As I write this, Minneapolis police officer Derek Chauvin stands trial for the death of George Floyd. At the same time, the community is reeling after the death of a 20-year-old African American man named Daunte Wright, who was shot by police during a traffic stop in Minneapolis on Sunday.
Last year, when people across the country took to the streets to protest systemic racism that led to the police killings of George Floyd, Breonna Taylor and countless others, the East Bay Regional Parks District (EBRPD), like many other organizations, drafted a Board resolution and issued a statement of solidarity.
Among other things, the EBRPD declared that it has "an obligation to condemn racism and uphold the Constitution of the United States" (a bit of a contradiction, as some point out, given the blatantly racist ideas historically intertwined in the U.S. Constitution). Nonetheless, the EBRPD's resolution pledged to discuss and implement a "plan to address systemic racial injustice within the Park District organization and in its parks."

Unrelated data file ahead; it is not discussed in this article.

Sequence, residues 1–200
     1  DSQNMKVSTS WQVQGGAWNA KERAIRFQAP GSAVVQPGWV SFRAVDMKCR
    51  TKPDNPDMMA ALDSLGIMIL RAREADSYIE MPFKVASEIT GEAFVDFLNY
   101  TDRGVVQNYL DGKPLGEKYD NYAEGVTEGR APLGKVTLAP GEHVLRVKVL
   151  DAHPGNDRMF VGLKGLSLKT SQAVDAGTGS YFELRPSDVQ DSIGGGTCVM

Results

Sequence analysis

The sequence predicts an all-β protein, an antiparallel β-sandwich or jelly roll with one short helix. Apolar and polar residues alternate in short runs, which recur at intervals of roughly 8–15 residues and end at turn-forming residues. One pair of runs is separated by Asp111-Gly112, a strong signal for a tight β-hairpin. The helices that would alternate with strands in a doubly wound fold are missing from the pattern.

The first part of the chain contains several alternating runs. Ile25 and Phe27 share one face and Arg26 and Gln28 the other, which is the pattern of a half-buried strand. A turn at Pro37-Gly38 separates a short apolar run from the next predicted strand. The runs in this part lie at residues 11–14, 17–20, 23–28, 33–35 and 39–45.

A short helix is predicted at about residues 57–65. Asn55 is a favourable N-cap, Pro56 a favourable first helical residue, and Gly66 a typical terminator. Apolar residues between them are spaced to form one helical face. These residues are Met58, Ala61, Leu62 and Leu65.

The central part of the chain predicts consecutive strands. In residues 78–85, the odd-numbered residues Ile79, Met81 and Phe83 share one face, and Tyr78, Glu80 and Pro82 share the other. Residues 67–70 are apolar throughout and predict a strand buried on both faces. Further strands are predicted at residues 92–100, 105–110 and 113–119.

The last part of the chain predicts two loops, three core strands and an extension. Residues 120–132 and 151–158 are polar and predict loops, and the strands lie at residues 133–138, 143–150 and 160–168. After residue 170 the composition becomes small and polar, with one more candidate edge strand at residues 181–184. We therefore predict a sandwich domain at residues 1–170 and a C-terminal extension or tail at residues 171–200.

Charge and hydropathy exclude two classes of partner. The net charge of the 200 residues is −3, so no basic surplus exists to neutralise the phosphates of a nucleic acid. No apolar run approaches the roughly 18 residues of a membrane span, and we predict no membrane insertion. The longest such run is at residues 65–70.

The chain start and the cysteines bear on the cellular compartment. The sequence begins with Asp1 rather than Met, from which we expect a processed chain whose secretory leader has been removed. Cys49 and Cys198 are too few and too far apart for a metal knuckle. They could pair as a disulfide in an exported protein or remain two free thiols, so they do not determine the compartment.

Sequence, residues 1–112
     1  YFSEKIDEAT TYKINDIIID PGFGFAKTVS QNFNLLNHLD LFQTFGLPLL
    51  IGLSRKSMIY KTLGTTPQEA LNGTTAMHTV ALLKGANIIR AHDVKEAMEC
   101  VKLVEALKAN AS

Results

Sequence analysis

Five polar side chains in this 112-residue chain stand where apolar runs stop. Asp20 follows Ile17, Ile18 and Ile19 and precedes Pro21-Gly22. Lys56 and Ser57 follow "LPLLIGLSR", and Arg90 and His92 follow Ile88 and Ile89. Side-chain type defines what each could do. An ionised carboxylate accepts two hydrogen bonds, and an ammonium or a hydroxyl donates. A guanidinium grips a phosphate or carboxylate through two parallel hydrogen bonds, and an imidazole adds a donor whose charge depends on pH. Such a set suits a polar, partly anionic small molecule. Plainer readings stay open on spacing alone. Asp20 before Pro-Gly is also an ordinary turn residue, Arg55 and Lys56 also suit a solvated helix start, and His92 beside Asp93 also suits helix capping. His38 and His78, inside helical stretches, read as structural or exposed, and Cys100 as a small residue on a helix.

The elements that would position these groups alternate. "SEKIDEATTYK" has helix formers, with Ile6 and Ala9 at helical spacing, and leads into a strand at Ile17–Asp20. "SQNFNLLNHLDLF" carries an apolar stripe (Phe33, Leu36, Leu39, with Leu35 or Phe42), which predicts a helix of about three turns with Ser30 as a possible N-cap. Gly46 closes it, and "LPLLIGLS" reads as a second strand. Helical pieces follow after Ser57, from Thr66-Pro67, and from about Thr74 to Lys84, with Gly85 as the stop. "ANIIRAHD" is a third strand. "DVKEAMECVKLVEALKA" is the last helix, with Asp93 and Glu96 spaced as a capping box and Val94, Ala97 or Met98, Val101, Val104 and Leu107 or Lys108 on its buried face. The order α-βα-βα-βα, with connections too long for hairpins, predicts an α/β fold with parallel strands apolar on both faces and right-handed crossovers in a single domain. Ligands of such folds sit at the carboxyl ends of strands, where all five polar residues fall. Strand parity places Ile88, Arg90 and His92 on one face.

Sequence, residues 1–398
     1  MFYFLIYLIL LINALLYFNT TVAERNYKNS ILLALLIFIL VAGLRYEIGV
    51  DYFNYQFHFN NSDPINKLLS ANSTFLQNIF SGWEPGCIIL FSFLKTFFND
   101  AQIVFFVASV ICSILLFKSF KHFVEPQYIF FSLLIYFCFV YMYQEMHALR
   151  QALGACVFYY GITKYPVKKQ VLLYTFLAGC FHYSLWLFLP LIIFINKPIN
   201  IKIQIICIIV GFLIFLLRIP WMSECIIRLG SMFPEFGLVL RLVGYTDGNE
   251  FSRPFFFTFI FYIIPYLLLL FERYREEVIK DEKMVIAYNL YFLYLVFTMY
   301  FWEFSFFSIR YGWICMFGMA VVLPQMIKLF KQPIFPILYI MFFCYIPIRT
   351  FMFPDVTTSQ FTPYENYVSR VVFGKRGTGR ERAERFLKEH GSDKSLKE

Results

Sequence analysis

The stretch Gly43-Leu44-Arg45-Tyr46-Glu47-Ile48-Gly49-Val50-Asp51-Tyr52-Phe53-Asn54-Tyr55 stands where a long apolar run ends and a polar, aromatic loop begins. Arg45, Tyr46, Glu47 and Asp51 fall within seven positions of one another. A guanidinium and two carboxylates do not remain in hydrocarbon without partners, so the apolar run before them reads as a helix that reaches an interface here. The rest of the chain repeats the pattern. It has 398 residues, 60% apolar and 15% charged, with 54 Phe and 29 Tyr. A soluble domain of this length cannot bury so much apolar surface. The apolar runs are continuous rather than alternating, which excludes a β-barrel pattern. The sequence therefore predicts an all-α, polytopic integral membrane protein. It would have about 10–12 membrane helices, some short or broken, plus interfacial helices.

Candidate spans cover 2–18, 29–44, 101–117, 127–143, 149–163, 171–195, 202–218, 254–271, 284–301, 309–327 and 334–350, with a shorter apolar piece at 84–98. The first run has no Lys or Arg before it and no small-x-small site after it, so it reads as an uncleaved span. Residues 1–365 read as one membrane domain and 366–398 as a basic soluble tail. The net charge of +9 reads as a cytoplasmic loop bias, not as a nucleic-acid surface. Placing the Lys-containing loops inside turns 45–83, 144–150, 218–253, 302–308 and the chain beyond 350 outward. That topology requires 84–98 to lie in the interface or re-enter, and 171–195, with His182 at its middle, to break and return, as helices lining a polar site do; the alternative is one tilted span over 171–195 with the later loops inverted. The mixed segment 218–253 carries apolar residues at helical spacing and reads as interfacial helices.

And now, the District's employees are holding it accountable.
Deonta Allen, who works for the EBRPD, is a part of the Juneteenth Committee, itself an extension of the organization's Diversity Committee. The group has amassed over 1,200 signatures on a Change.org petition urging the EBRPD to acknowledge Juneteenth, which falls each year on June 19, as an official holiday for its staff.